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SALT LAKE CITY — As the ribbon was cut at Dragonfly Wellness, someone shouted: “Let’s sell some weed!”

Utah’s first medical cannabis dispensary is open and the state’s medical cannabis program is finally up and running. Dragonfly Wellness, at 700 S. State St., is the first “pharmacy” licensed by the state.

“We can be confident the products that we are providing to our patients and our community are 100% safe,” said Narith Pahn with Dragonfly Wellness, who gave a tour to medical cannabis patients and advocates, media and state officials on Monday.

For many, Monday’s opening has represented a huge hurdle in the battle for medical cannabis in Utah. Voters approved Proposition 2 in 2018, only to see the Utah State Legislature replace it with a state-controlled system. Last week, the legislature pushed through a bill to meet a mandated March 1 deadline to have a working cannabis program up and running.

“All of our hard work has paid off. Not fully. This isn’t the end,” said Desiree Hennessy, the director of the Utah Patients Coalition, which sponsored Prop. 2. “This is the beginning, but we are seeing a beautiful beginning today.”

Dragonfly Wellness is the first to open. A full variety of product is not yet ready as testing is completed on marijuana flower and packaging requirements are met (for example, Utah does not allow “gummies” but they must be labeled “cubes”).

As of Monday morning, 14 patients had been approved for medical cannabis cards. Another 300 were in process, said Rich Oborn, the Utah Department of Health’s cannabis coordinator. The website to get patients registered with the state has had some minor glitches. The bigger hurdle was getting physicians to register with the state so qualifying patients can get medical cannabis cards, Oborn told FOX 13.

More pharmacies will be opening soon. The state has licensed up to 14.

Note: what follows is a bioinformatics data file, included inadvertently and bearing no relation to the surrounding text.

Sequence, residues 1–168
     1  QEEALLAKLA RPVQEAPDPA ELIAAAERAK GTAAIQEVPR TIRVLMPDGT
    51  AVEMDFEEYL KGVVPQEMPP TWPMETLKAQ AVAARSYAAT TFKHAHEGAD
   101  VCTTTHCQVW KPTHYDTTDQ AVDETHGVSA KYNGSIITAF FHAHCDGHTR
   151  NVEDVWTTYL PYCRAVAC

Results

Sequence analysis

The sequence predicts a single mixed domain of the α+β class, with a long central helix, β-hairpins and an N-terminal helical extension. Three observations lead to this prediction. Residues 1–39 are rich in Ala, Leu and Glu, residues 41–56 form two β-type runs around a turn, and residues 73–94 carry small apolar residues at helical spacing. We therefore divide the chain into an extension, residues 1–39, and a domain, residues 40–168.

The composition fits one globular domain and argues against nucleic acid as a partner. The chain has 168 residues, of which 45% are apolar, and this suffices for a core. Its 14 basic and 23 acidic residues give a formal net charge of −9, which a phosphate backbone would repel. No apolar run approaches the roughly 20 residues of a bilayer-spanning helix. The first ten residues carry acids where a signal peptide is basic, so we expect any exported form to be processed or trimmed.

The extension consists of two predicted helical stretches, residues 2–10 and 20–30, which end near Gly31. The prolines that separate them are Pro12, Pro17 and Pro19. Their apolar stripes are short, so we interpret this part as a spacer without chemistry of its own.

“There’s two locations that we expect to open up later this month and next month. Potentially, a fourth one in April,” Oborn said.

Hennessy said her group expected a slow rollout. She still was frustrated that more physicians weren’t getting signed up with the state.

“We need more doctors in St. George, up in Cache Calley and Box Elder. We need more doctors in Vernal,” she said.

Still, many patients cheered and hugged as Dragonfly Wellness opened for business. They rushed up to glass counters to see vape pens, oils, and edibles.

Among those who toured the dispensary was Deanna Denmead, who is using medical cannabis for her osteoarthritis. She said she grew up in the 1950s and ’60s when people were experimenting with pot.

“I just never tried it. I didn’t want to. I was a little afraid of it,” she told FOX 13.

When she developed her medical condition, she changed her mind on cannabis and has become an advocate for medical marijuana.

“I hope that more and more people will do as I did and start learning about it and educating themselves because there’s nothing scary about it,” Denmead said.

Hennessy stood in the back of the dispensary and watched patients and camera crews rush to the glass counters. She recalled that five years ago at this time, she was sitting in the Utah State Senate watching cannabis bills get defeated. That led to the ballot initiative, and, ultimately, today.

“Today was my first time personally in a medical cannabis pharmacy or dispensary. It was kind of a crazy moment for me,” Hennessy, whose son is a medical cannabis user, told FOX 13. “I’m actually very happy that my first experience in a dispensary was in a Utah dispensary that we fought so hard to have here.”

Under the latest medical cannabis law, qualifying patients can obtain a recommend from a physician and purchase medical cannabis out of state or off the black market and avoid prosecution with an “affirmative defense letter.” Those will expire by 2021. If qualifying patients do not register with the state by then, they cannot legally purchase in Utah and, if they buy out of state, would become someone in possession of marijuana (which is technically a misdemeanor crime).

Denmead said she plans to stay in Utah for her cannabis medication.

“I’m going to get pure product and that I’m going to be able to talk to somebody and develop a relationship with a wellness advisor,” she said. “That is better than going to a strange state and a strange dispensary.”

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